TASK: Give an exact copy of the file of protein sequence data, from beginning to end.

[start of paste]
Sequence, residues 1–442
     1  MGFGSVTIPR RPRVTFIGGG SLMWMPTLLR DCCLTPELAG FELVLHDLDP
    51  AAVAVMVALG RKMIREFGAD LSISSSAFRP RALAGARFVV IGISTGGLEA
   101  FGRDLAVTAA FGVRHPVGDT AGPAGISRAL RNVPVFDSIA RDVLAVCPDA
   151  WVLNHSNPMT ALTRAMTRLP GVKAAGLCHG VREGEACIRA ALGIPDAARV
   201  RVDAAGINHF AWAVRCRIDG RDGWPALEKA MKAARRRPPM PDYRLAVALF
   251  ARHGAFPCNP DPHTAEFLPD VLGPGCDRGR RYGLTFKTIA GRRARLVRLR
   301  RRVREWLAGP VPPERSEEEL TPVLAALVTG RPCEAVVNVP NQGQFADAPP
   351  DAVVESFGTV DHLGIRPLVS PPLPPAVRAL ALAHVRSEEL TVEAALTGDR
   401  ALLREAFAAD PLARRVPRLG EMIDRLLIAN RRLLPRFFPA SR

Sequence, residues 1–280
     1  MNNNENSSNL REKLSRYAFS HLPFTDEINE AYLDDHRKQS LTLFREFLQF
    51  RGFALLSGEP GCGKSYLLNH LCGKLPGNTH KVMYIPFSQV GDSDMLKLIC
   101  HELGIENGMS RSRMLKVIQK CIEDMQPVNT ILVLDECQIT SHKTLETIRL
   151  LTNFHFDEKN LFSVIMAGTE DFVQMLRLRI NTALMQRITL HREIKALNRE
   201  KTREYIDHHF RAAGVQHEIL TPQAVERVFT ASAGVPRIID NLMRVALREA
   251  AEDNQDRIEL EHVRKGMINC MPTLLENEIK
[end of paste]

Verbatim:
Sequence, residues 1–442
     1  MGFGSVTIPR RPRVTFIGGG SLMWMPTLLR DCCLTPELAG FELVLHDLDP
    51  AAVAVMVALG RKMIREFGAD LSISSSAFRP RALAGARFVV IGISTGGLEA
   101  FGRDLAVTAA FGVRHPVGDT AGPAGISRAL RNVPVFDSIA RDVLAVCPDA
   151  WVLNHSNPMT ALTRAMTRLP GVKAAGLCHG VREGEACIRA ALGIPDAARV
   201  RVDAAGINHF AWAVRCRIDG RDGWPALEKA MKAARRRPPM PDYRLAVALF
   251  ARHGAFPCNP DPHTAEFLPD VLGPGCDRGR RYGLTFKTIA GRRARLVRLR
   301  RRVREWLAGP VPPERSEEEL TPVLAALVTG RPCEAVVNVP NQGQFADAPP
   351  DAVVESFGTV DHLGIRPLVS PPLPPAVRAL ALAHVRSEEL TVEAALTGDR
   401  ALLREAFAAD PLARRVPRLG EMIDRLLIAN RRLLPRFFPA SR

Sequence, residues 1–280
     1  MNNNENSSNL REKLSRYAFS HLPFTDEINE AYLDDHRKQS LTLFREFLQF
    51  RGFALLSGEP GCGKSYLLNH LCGKLPGNTH KVMYIPFSQV GDSDMLKLIC
   101  HELGIENGMS RSRMLKVIQK CIEDMQPVNT ILVLDECQIT SHKTLETIRL
   151  LTNFHFDEKN LFSVIMAGTE DFVQMLRLRI NTALMQRITL HREIKALNRE
   201  KTREYIDHHF RAAGVQHEIL TPQAVERVFT ASAGVPRIID NLMRVALREA
   251  AEDNQDRIEL EHVRKGMINC MPTLLENEIK